The concept of a dimensional model is beautiful in its simplicity: organize the data the way the business people imagine it. When a business decision maker asks a question of her data, she usually says, "I want to see such-and-such a measurement by dimension x, dimension y, and dimension z." For example, "I want to see the average sales transaction amount by customer demographic group, by store, and by month." When we build the database along these lines we make it easy for the user to understand and quick for the database engine to answer the question.
There are still major investments being made in dimensional data marts and data warehouses. They haven't lost their relevance and popularity but rather their mindshare. Big data is the sexy new concept and everyone is pushing their money that way, but sometimes your best investment isn't in the next big thing, it's in the proven thing. While companies and executives are focusing on big data, they're often underinvesting in dimensional data warehouses.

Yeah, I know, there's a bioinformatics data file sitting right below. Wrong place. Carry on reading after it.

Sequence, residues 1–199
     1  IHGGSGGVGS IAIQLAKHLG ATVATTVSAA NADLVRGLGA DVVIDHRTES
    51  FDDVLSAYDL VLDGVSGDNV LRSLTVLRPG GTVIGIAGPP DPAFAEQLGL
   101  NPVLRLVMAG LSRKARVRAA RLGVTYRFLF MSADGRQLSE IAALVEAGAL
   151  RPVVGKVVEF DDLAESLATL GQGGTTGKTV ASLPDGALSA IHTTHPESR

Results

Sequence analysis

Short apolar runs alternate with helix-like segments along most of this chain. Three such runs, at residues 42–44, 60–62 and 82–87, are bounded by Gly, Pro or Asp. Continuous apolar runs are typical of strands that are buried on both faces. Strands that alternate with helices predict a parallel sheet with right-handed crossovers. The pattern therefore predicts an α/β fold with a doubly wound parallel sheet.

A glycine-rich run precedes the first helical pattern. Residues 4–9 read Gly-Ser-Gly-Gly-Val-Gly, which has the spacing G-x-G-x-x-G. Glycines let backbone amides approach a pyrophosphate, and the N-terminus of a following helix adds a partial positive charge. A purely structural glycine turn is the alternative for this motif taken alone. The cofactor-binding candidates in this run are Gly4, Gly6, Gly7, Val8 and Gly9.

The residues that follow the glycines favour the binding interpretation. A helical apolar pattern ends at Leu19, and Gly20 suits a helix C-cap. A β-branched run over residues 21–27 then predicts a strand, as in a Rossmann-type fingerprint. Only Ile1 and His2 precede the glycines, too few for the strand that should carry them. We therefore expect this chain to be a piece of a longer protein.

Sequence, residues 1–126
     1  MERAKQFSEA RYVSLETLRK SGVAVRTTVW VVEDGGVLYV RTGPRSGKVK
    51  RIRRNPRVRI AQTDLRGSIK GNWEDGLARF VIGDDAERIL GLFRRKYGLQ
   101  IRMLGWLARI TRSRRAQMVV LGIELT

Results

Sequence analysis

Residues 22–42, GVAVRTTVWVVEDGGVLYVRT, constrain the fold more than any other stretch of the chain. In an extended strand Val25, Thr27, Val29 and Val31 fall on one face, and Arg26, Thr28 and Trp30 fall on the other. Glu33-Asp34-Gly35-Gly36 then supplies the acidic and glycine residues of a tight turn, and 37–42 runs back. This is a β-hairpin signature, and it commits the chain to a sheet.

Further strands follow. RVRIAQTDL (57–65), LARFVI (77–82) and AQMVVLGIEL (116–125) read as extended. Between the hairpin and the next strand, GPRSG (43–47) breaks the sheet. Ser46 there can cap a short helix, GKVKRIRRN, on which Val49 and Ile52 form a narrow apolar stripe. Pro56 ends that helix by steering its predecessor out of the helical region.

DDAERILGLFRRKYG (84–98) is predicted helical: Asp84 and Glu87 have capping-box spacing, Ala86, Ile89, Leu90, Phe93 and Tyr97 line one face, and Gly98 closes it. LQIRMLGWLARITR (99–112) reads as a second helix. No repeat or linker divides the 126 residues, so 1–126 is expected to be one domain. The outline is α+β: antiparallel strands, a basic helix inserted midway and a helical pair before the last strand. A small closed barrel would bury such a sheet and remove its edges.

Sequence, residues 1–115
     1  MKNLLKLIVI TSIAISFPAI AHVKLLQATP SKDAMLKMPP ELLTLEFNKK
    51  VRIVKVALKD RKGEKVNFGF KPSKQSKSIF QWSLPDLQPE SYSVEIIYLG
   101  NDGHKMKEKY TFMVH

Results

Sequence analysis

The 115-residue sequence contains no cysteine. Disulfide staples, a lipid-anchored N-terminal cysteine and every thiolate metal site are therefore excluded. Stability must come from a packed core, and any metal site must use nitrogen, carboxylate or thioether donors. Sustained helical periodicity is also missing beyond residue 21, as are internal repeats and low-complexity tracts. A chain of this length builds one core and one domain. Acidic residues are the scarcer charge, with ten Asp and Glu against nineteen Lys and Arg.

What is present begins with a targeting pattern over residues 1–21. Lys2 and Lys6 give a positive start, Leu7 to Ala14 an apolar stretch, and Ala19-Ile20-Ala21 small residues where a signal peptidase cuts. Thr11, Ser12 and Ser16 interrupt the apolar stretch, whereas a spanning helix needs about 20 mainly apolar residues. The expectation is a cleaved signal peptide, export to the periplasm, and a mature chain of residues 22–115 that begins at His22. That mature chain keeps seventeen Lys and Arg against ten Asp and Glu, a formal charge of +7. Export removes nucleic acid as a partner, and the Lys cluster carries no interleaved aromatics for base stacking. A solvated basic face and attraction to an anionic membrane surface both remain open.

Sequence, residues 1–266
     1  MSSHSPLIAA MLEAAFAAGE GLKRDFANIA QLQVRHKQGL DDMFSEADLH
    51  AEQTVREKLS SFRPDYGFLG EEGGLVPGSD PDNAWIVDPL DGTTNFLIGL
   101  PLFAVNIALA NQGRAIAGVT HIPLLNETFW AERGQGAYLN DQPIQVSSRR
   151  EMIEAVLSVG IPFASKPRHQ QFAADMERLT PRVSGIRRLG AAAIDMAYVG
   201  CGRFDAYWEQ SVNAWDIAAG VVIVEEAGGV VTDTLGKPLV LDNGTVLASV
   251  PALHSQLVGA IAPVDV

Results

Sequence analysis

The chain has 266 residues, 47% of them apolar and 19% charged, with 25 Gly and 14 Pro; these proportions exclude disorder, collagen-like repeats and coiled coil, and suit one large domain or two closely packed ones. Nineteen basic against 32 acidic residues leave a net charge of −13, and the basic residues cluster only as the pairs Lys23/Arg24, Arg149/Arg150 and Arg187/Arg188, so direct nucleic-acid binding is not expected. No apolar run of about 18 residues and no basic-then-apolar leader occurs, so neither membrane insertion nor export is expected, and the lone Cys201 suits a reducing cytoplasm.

Think about it. You're an executive. You have a certain amount of money to spend in data management and analytics. You could spend those dollars enhancing your existing data warehouse so the company is capturing more information about products or purchases and enhancing the warehouse's capability to answer questions, or you can invest in a "big data" project and start mining social media feeds for mentions of the company and its products.